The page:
Taking a Global Approach to Preparedness

By Chelsea Gridley-Smith, PhD, NACCHO Program Analyst


CDC 2016 Preparedness Month Infographic, click to original.

In commemoration of National Preparedness Month, the Centers for Disease Control and Prevention (CDC) is highlighting five themes for each week of September, emphasizing the various aspects of effective preparedness. Each week, the NACCHO Preparedness team is authoring a blog to promote the theme and provide local health departments and other partner agencies with context and resources to share with the communities they serve. This week’s theme is “Prepare Globally.”


Emergency preparedness in the 21st century demands that we look beyond our own country’s borders. As globalization continues to shrink the perception of borders, so does the risk for international spread of disease and other serious health risks. These factors makes it vital for cross-collaboration among nations to develop and implement cooperative agreements to prepare, respond to, and recover from a variety of incidents that know no boundaries. LHDs are often first to respond in the event of an emergency, and are therefore acutely aware of the needs and issues specific to a diverse range of high- impact public health incidents in the context of their communities. As a result, local health officials can bring expertise and serve as a resource in coordinating preparedness exercises and tools relevant for events spanning neighboring jurisdictions, states, and even countries.

A recent example of an international disease outbreak is the Zika virus (ZIKV). ZIKV is transmitted to humans primarily through bites of infected mosquitos in the Aedes species, causing minor symptoms like rash, fever, arthralgia, and conjunctivitis. However, the virus is also associated with detrimental effects for pregnant women, resulting in microcephaly, severe disabilities, and impaired brain development in babies born from infected mothers. The virus originated in Brazil early last year, and quickly spread throughout neighboring countries, including the United States. This cross-border outbreak was largely caused by individuals unknowingly infected, traveling to and from Brazil, and only showing symptoms after their arrival back in their home country. The Zika virus is now a public health emergency in many parts of the world, due to a combination of insufficient awareness, international travel, seasonality, mosquito species distribution, inadequate vector control, and the lack of a known vaccine.

Public health disasters, like the Fukushima Daiichi nuclear power plant radiological emergency in 2011, can also pose threats to multiple communities, cities, or even whole countries. This nuclear event resulted in massive radiological contamination, following an earthquake and subsequent tsunami. Although the emergency happened in Japan, radioactive particles were detected throughout the northern hemisphere in the atmosphere and particularly on the west coast of the United States in the Pacific Ocean. In turn, it became a global concern due to the nature of the disaster and the inability to contain radioactive particles.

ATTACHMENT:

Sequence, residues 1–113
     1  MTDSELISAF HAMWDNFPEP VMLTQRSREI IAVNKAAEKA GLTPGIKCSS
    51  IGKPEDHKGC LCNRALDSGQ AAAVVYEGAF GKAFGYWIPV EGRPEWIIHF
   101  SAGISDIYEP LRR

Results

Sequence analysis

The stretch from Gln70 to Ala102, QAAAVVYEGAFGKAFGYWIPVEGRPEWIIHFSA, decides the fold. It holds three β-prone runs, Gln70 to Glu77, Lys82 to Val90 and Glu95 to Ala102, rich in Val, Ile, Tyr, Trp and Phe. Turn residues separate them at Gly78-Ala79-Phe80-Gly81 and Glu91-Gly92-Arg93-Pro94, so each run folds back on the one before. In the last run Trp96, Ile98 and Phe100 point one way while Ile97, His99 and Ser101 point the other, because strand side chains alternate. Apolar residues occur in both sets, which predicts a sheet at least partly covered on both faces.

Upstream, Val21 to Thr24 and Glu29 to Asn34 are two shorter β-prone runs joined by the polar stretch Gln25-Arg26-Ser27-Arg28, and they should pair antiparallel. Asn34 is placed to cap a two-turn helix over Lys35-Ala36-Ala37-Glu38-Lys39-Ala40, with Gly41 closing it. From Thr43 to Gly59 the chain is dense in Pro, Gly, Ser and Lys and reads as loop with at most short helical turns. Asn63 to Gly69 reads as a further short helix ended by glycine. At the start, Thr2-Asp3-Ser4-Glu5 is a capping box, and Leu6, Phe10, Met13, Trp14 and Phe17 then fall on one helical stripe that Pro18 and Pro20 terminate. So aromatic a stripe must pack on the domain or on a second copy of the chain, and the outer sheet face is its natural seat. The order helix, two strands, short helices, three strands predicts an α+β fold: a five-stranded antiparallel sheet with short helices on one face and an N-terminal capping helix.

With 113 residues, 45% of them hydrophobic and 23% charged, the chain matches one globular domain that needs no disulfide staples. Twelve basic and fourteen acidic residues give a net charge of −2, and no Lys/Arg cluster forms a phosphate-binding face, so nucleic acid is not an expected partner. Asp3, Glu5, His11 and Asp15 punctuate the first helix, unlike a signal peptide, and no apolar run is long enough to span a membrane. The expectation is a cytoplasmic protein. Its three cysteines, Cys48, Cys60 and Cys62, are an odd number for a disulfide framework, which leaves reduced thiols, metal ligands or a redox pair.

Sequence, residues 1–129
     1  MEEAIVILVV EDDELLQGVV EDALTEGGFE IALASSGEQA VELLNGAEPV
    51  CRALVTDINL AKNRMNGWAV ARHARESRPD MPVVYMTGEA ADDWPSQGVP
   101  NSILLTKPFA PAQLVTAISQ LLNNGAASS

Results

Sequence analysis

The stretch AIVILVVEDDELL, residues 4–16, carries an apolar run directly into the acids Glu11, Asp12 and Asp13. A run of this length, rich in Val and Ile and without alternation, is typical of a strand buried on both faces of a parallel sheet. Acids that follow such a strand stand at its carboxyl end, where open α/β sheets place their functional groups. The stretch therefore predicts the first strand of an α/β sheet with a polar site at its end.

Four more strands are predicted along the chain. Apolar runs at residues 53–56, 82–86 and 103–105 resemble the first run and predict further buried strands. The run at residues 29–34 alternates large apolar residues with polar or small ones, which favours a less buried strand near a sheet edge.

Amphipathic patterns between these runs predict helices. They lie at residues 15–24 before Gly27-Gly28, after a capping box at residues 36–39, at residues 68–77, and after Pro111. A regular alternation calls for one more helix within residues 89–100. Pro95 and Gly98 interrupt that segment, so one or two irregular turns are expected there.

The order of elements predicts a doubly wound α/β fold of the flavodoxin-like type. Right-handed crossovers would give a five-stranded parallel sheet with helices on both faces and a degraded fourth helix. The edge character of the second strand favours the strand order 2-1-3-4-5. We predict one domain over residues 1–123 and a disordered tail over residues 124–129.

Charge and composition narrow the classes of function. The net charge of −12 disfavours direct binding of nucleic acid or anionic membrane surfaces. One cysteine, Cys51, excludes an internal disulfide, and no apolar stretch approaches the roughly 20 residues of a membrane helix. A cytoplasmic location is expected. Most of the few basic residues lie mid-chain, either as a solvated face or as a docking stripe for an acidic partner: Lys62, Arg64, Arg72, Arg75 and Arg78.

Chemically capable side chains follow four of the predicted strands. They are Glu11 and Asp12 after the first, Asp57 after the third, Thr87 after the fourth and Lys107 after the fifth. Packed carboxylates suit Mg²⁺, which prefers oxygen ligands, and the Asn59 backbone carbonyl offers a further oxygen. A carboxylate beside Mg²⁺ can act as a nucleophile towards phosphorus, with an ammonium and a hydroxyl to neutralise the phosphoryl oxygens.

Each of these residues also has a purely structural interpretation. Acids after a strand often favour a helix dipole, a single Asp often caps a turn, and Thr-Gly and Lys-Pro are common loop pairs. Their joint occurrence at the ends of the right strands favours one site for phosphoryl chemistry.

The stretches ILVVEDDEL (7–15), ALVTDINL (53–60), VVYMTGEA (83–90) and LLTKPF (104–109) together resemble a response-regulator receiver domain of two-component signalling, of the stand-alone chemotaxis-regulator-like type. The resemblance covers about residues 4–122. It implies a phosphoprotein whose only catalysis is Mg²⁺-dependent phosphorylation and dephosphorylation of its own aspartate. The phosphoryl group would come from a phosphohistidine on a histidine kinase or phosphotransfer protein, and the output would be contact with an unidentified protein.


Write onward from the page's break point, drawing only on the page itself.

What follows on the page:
These examples are just a small representation of how diseases and disasters spread globally and therefore, require preparedness protocols with a multinational approach.

LHDs are on the front lines of public health and are inevitably going to need to address public health effects of global disease outbreaks and natural disasters. To effectively respond to an emergency or disaster, LHDs must form partnerships and foster relationships with various public health professionals (e.g., Emergency Medical Services, fire, law enforcement, the Medical Reserve Corps, private businesses, neighboring health jurisdictions, and others). Many of the same tools that are essential for implementing an effective response to an event that has an impact on one or two communities as outlined by the National Incident Management System and the National Response Framework can be expanded to address larger-scale emergencies spanning counties, states, or even nations — just as exercises planned and employed to simulate various parts of a response at the local level can be broadened to include global health preparedness.

NACCHO has an expansive library of useful tools for LHDs to inform, communicate, collaborate, plan, implement, analyze, and improve preparedness capabilities. Resources most applicable to improving global preparedness are listed below:

Local health officials, MRC Unit volunteers, and other partner stakeholders are highly encouraged to share all of their preparedness efforts, resources, and community engagement events throughout National Preparedness Month. Both LHDs and MRC Units are invited to take the NACCHO Preparedness Pledge, participate in our National Preparedness Month Photo Contest, and submit an abstract for our upcoming 2017 Preparedness Summit.

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